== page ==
SESSION PANEL : REACH Registration
discussion on the need/challenge to improve the Registration dossiers
The REACH registration dossiers quality is a long term issue repeatedly criticised by different authorities, NGOs… Lack of credibility of information was identified also by a project which assessed more than 3,800 registration dossiers for substances that were produced or imported into the EU at tonnages of at least 100 tons per year (tpa). The REACH Compliance project was a joint project of the BfR and the German Environment Agency (UBA). It investigates the availability of human health and environmental data in the REACH registrations of chemicals regarding their compliance with the requirements on toxicological and eco-toxicological information as laid down in REACH.
The project, ongoing since 2014, found that – related to the endpoints assessed and considering that the evaluation work has not been fully completed at the date of the workshop – the current average rate of “compliance” was 31 % for substances registered at 1000 tpa and more and 44 % for substances at tonnages between 100 and 1000 tpa. The option to deviate from standard testing requirements and to provide justifications for such deviations was commonly used by registrants – for the assessed endpoints on average of about 70 % (range 50-93 %). However, alternative data (e. g. using read-across to other substances) or justifications for data waiving or adaptations were often not sufficient. For example, 32 % of the dossiers for substances at tonnage levels of 1000 tpa and more were found to be “noncompliant” with REACH requirements on average over the assessed endpoints. The average rate of “non-compliance” was at 19 % for substances at 100-1000 tpa. It should be noted that the evaluation methodology did not allow deciding for all dossiers whether they were in compliance with the REACH requirements: Therefore for both tonnage bands, averaged over the assessed endpoints about 37 % of the dossiers remained without conclusion.
The outcome of the project indicates that increased efforts by industry and authorities are needed to achieve a higher rate of compliance for the chemical dossiers.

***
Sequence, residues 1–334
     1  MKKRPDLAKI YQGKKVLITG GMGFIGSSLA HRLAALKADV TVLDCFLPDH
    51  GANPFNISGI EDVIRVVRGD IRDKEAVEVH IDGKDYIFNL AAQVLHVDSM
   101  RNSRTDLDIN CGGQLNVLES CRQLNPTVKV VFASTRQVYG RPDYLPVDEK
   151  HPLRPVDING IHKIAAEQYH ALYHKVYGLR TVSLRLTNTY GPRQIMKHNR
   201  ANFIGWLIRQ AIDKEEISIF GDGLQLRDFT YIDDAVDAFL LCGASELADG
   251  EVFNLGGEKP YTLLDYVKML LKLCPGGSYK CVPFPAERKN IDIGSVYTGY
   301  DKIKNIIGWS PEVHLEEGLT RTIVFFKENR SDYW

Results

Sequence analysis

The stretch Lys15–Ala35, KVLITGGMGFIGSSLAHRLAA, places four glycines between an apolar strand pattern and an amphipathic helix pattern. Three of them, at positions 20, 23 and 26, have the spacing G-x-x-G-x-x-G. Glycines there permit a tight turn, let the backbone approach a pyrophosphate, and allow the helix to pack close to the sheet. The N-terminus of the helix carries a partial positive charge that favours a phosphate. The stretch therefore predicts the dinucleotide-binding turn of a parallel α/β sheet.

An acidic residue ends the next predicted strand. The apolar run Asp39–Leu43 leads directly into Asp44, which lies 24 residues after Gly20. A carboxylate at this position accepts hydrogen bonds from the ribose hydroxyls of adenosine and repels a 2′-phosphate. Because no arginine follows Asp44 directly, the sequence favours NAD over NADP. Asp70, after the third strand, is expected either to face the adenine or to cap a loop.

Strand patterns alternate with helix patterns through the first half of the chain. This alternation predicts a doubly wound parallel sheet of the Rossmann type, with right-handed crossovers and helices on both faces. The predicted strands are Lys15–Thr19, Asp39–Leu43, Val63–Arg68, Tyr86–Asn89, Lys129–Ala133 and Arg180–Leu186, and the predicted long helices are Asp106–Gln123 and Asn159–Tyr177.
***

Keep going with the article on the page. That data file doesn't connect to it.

On 28 February 2019 ECHA has published its annual evaluation report, delivering updated statistics on evaluated substances and registration dossiers, and giving advice to registrants on how to improve the information they provide on chemicals.
In 2018, ECHA checked the compliance of 286 registrations, most of which focused on substances of potential concern. ECHA verifies key information requirements which allow authorities to identify if the substance is carcinogenic, mutagenic and reprotoxic; or persistent, bioaccumulative and toxic. In 211 cases, the Agency has asked registrants for further information to show that the substance is used safely. ECHA has also examined 198 testing proposals. Altogether, the Agency adopted 274 final decisions, in which 888 different information requests were asked.
The numbers show a similar picture to previous years – in the majority of registration dossiers that ECHA checks, important safety information is missing. After ECHA’s request, most registrants update their dossiers with compliant information. Based on the evaluation outcomes and observations, ECHA has published recommendations on how registrants can improve their dossiers. Different activities by the Commission, ECHA and industry were initiated.
We want to discuss the way forward having the Commission contribution on the Implementation Act on updates; ECHA speeding up of the Compliance checks; or NGO’s view on the data quality; Industry: work on up-dates as well as structural and pro-active approach on updating registration files. Registrants should have their say as well.
SESSION PANEL : RESTRICTIONS
REACH restrictions are moving ahead and new initiatives seems to have cross-sectoral impact.
Annex XVII to REACH in the Entry 72 restricts substances in (a) clothing or related accessories; (b) textiles other than clothing which, under normal or reasonably foreseeable conditions of use, come into contact with human skin to an extent similar to clothing; (c) footwear. That should be the case after 1 November 2020.
On 2017 The RAC and SEAC Committees agreed to restrict the use of diisocyanates at the workplace, following a proposal by Germany. The main goal is to prevent new cases of occupational asthma from exposure to diisocyanates among industrial workers and professionals. In order to further reduce the risks of respiratory sensitisation and further improve safety culture in the workplace, a restriction proposal for the use of diisocyanates is under the process of approval. The proposal affects substances and products with a cumulative concentration of diisocyanates in the substance or the mixture above or equal to 0.1 % in weight.
Novel cases on the agenda with large impacts – potentially Case on isocyanates; Case on Co-salts; Issue: a new approach based on “Risk Equity”; Upcoming case on skin sensitizers in textiles; Case on Microplastics…
That all will be discussed and we do expect the positions of the authorities, NGOs as well as industry.
SESSION PANEL : REACH AUTHORISATION
REACH authorisation is accelerating having new developments – the first non granted authorisation; the Court case on Pb chromate with the result on the rejection of authorisation already granted having implications to any new cases, but also on the actually valid authorisations.
REFIT is directing REACH authorisation to even more important tool to control SVHC substances. The SVHC Roadmap and associated implementation activities, enhancements to the Risk Management Options Analysis approach and its practical implementation means recently observed trends in regulating the most hazardous substances.
Panel session will discuss the state-of-the-art and consequences for ECHA, Commission and applicants…